They say you can’t step into the same river twice. The river, and the person, is constantly changing and moving. Such is the way with work. The job market is constantly changing in nature and tone, but at the end of the day, a river is a river, and a job is a job.
No matter how the career landscape changes, we will want to make positive steps forward to better our careers. But what if that next step to forwarding your career wasn’t forward at all? What if your best next move was to the side?
What Are Lateral Moves?
At its simplest, a lateral career move means taking a new job at the same pay grade or organizational level. It involves taking on new duties and responsibilities, usually — but not exclusively — at the same company. You wll find that these fluid opportunities are most common at start-ups, but we can expect them to become more common at established companies in the very near future.
Lateral career moves can be curious and exciting: Haven’t you been curious about trying someone else’s job? Have you never observed the social media team or the sales crew and thought you would thrive in their shoes? Lateral moves liberate us from the idea that once we enter into a career, we need to trudge away at it forever. It allows us to experiment with our career paths so that we can identify our purpose and goals.
Why Lateral Moves Are Beneficial
Firstly, lateral moves can be beneficial because they are fun: They are appealing to people who like learning new things. People who get joy from building new skills and mastering new experiences will find lateral moves exciting and worthwhile. Ultimately, lateral moves are intrinsically rewarding to those who yearn to be challenged.
They Make You More Employable
Moving on to more pragmatic reasons, lateral moves will make you stand out to future employers. It makes perfect sense: If you have more skills, you’re of more value. What’s more, it’s easy for job seekers to say they can do X, Y and Z in a cover letter, but with a lateral move under your belt, you have concrete evidence to back it up in an interview and, more importantly, on the job.
They Will Impress Your Current Company
Lateral moves will also reflect well on you to your current employees and colleagues. It will show that you’re willing to try new things and that you are keen to develop yourself. These transitions across your company will also strengthen your network across the organization.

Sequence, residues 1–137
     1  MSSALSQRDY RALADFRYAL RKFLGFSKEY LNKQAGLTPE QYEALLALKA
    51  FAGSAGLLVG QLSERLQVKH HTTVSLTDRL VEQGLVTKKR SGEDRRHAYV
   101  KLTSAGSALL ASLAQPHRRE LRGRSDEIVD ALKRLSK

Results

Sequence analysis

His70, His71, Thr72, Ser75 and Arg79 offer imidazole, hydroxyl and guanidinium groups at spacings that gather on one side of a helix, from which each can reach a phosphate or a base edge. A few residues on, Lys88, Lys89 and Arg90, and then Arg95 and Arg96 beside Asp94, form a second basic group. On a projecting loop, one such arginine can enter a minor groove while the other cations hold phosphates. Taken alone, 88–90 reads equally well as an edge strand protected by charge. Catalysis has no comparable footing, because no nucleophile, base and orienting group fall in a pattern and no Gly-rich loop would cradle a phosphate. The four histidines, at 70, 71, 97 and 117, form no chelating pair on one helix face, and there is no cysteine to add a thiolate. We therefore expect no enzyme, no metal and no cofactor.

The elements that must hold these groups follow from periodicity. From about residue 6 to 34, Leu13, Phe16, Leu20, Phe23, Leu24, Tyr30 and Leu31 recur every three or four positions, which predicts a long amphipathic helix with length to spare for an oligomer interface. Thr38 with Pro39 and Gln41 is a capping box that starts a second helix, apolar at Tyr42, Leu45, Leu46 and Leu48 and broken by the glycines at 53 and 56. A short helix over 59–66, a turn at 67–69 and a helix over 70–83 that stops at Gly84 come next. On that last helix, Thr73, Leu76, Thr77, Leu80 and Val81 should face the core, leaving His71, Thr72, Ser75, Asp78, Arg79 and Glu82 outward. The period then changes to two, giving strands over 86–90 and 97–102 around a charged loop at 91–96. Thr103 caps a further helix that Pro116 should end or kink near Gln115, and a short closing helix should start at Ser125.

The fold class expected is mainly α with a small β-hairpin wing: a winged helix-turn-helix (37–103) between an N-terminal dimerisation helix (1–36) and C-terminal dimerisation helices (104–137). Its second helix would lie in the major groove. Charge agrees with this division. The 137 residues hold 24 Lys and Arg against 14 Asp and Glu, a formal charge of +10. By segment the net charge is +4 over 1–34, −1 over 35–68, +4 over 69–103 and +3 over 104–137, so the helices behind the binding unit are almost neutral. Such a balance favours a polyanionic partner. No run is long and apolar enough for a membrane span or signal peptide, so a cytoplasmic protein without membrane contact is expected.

They Make For Better Managers
This networking is great for making new friends at work, but it also strengthens your case for a promotion (i.e., vertical movement) when the time comes. Who better for management than someone who already knows how the other departments work?
They Increase Job Security
Lateral moves also give you greater job security at your current place of work. They will endear yourself to your company and help show your value. If cuts have to be made, management will be more likely to keep an employee with knowledge and skills across the enterprise.
They Could Reduce Burnout
Finally, a lateral move could be a unique solution to burnout, which is all too common in the modern workplace. A change of scenery could be a great remedy to fix a rut in your professional life.
They Suit Your Boss, Too
Dietrich Moens, chief executive officer of Spacehuntr, a corporate event solutions provider, thinks of lateral moves as cross-pollination. “I’ve found that when members of our team switch departments, it breaks down roadblocks,” Moens says. “They’re greater for productivity and even opened the way for innovation in our work processes. It’s a sort of beautiful cross-pollination.” What’s more, it could even save your boss money. Hiring for a new position takes up time, resources and energy. You can minimize that by hiring from within.
Additionally, Moens says, “We’ve seen that lateral moves have made for better managers. When you’ve lived in someone else’s shoes, you become more understanding. These workers are better at recognizing, understanding and resolving friction. It’s remarkable.”
Lastly, make for a more skilled worker, and if that’s not good for bosses, what is?
Top Training Tips For Making Lateral Moves Work
So far, it’s been a case of easier said than done. But how do you make a lateral career move work in practice? Consider the five-step plan below to ensure your lateral move is successful.
- Self-examine: The first step is some self-examination. Why are you looking for a lateral move? Understanding this desire is the best way to figure out how to motivate yourself and focus your efforts.
- Speak to Your Manager(s): Open communication with your team and your manager(s) is essential. Your manager needs to endorse and support what you’re doing fully. After that, their support and advice could and should be invaluable to you.
- Set Goals: After speaking to your manager, it’s time to set goals. For how long are you going to be in this new position? What level of competence do you hope to achieve? How steep should your learning curve be?
- Mutual Learning: Your company might not have the time or the resources for you to take time away from the job to learn. Try to work training into your daily routine so that you can learn while completing your responsibilities and tasks.
- Review: As in all areas of working life, you need to self-review, be peer-reviewed, and receive a performance review. Reviews, done properly, help us grow and serve as rewards for our hard work.
You only need to listen to the stories of successful people themselves to see that there’s more than one way to succeed. Ultimately, the path to the top is littered with failures, surprises, and seizing chances when they come your way. Maybe a lateral move could be the career opportunity you have been looking for?